It’s is often said that with Macs, things just work. But there are times when your Mac can sometimes work too hard for you. You can usually tell when that happens when your Mac become less snappy. In the first case of the slow Mac, the problem was a program that was using all of the processor resources, leaving a very unresponsive Mac Pro.
The second case was a little harder to track down as none of the programs were taking up much of the processor time, but applications and switching applications was taking longer than normal, a lot longer. The problem was that some programs were taking up unusually large amounts of the system’s memory. To compensate, the system would “swap”, meaning the operating system would copy the contents of some programs in memory to the hard disk to make more memory available to active programs. The operation system would then swap the memory on the hard disk back when the inactive programs became active again. The whole swapping process is slow and most modern systems try to avoid it.
It was a surprise to find my Mac Pro with 4Gb of RAM pausing while switching from iTunes to Mail, and then to Safari and VMWare. At first, VMWare looked like the culprit as a virtual machine uses up RAM. But VMWare wasn’t the problem. Activity Monitor revealed that a program called ‘mds’ was using large amounts of memory. mds is short for MetaData Server, it is the program that indexes all your files for Spotlight and other services to use. Somewhere along the lines of software updates or just prolonged use, Spotlight’s backend went from benign background process to monstrous memory hog.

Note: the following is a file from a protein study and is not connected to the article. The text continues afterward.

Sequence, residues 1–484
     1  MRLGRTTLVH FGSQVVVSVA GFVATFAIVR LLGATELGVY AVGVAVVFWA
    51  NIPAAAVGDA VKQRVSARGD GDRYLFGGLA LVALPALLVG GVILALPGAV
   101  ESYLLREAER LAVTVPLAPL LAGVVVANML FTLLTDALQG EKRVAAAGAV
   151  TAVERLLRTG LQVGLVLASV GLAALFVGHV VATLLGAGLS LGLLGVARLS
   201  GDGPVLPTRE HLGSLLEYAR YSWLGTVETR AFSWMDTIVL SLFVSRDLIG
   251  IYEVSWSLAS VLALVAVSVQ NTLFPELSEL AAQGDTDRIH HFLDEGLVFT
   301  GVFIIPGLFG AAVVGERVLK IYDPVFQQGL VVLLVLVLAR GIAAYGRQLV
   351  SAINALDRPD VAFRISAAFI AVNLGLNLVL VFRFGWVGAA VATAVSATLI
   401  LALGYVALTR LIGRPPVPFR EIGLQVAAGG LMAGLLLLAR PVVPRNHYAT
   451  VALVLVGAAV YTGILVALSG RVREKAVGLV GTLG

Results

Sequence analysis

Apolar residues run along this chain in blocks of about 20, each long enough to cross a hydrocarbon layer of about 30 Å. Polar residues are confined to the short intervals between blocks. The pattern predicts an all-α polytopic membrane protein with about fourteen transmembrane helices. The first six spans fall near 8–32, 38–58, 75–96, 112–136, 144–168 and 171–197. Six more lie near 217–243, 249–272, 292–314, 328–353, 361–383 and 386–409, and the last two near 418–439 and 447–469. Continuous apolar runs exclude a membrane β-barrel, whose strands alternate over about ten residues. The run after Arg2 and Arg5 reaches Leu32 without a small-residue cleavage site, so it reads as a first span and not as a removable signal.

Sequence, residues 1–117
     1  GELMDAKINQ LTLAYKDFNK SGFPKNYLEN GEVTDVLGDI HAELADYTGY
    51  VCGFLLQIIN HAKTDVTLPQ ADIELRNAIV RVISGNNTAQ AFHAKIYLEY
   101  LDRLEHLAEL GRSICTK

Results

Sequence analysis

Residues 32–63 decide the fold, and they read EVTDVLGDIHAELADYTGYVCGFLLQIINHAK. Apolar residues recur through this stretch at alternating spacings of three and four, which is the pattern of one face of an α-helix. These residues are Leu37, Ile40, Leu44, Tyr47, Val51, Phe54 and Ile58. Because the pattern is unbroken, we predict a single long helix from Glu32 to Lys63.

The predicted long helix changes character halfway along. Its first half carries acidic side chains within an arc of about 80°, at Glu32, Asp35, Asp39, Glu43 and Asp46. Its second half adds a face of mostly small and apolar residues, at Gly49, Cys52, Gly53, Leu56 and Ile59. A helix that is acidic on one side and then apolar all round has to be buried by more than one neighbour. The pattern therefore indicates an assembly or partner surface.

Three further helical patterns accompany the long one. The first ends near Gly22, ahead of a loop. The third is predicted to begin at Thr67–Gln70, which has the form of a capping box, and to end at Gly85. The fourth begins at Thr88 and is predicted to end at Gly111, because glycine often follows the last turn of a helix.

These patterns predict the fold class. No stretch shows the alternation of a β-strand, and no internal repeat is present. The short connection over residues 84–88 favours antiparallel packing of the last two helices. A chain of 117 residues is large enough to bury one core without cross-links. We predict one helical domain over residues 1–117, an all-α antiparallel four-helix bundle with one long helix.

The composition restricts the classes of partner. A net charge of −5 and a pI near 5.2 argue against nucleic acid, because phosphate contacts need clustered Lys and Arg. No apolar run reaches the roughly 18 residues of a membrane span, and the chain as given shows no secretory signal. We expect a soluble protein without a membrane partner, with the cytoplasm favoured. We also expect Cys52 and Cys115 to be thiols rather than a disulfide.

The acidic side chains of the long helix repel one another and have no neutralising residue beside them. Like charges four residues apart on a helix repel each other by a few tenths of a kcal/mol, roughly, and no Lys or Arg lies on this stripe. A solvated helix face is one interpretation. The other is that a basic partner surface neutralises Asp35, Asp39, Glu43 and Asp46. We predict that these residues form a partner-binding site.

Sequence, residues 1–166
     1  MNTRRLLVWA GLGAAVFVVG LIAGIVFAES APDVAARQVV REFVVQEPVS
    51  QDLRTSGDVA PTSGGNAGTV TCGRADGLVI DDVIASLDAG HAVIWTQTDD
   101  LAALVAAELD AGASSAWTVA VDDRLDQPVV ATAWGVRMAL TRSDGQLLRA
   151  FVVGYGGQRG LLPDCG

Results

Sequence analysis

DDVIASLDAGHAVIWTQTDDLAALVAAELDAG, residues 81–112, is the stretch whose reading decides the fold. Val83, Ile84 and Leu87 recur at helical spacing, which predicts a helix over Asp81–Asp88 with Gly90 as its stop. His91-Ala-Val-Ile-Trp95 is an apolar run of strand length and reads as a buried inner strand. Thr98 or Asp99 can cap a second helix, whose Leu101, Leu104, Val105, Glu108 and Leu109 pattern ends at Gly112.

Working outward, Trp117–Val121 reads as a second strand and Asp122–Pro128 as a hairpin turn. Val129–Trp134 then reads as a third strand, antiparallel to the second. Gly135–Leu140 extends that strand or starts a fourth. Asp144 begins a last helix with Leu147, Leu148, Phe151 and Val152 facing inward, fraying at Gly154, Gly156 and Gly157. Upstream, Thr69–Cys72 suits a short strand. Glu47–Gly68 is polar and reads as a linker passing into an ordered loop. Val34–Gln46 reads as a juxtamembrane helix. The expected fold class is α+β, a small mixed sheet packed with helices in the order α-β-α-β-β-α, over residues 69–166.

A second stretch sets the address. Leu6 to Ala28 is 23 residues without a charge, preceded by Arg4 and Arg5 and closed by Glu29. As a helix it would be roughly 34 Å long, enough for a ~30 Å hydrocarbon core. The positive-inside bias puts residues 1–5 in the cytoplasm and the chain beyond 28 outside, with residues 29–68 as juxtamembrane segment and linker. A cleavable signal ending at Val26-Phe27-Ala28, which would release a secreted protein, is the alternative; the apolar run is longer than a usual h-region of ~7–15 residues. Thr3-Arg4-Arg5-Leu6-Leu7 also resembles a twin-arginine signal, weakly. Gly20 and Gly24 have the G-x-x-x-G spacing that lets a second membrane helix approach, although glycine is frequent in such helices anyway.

The best way to deal with a memory hog is to kill it. There are several ways to do this, but I like to focus on the ones that don’t require opening Terminal and typing stuff. We’ll use a favorite program of mine called Lingon. Lingon allows you to edit your start up configuration files. When you start up Lingon you are greeted with this screen:
From the menu on the left, there are several places were start up files are located. The first one to tackle is Spotlight itself. You can find it under the item ‘System Agents’. Expanding that item reveals something like the following:
Navigate to the item titled ‘com.apple.Spotlight and select it. You will be prompted with a warning that what you are about to do could mess things up.
But for me, Spotlight isn’t all that critical or useful (as I’ll explain later), so if you want to disable Spotlight, click OK and move on to the next step. Lingon will show you some of what is in the configuration file for starting Spotlight. In the upper right corner is a checkbox that says “Enabled”. Un-checking that box will tell OS X to ignore starting the program when the system is starting.
After you have unchecked the Enabled box, you will need to click the save button in order for your changes to take place. You will be prompted for an admin password and you’re done. The next step is to turn of the mds program. This one is found under the ‘System Daemons’ item under ‘System Agents’. It is named com.apple.metadata.mds. Follow the same process and uncheck the Enable box and save.
The final step is to restart your Mac and you’re done. My Mac Pro is now snappy once again. But wait, you say, how do you get by without Spotlight? Don’t you ever search for stuff on your Mac? Luckily, Spotlight isn’t the only player when it comes to desktop searching. Spotlight primarily focuses on searches within your content (i.e. emails, PDFs, text etc.). I find that I don’t search for what is in my files, I just plain search for them and then what to do with them once I’ve found them. There are some good applications that let you search for files (and other things) and act upon what you find. The one I use will be the subject of another post.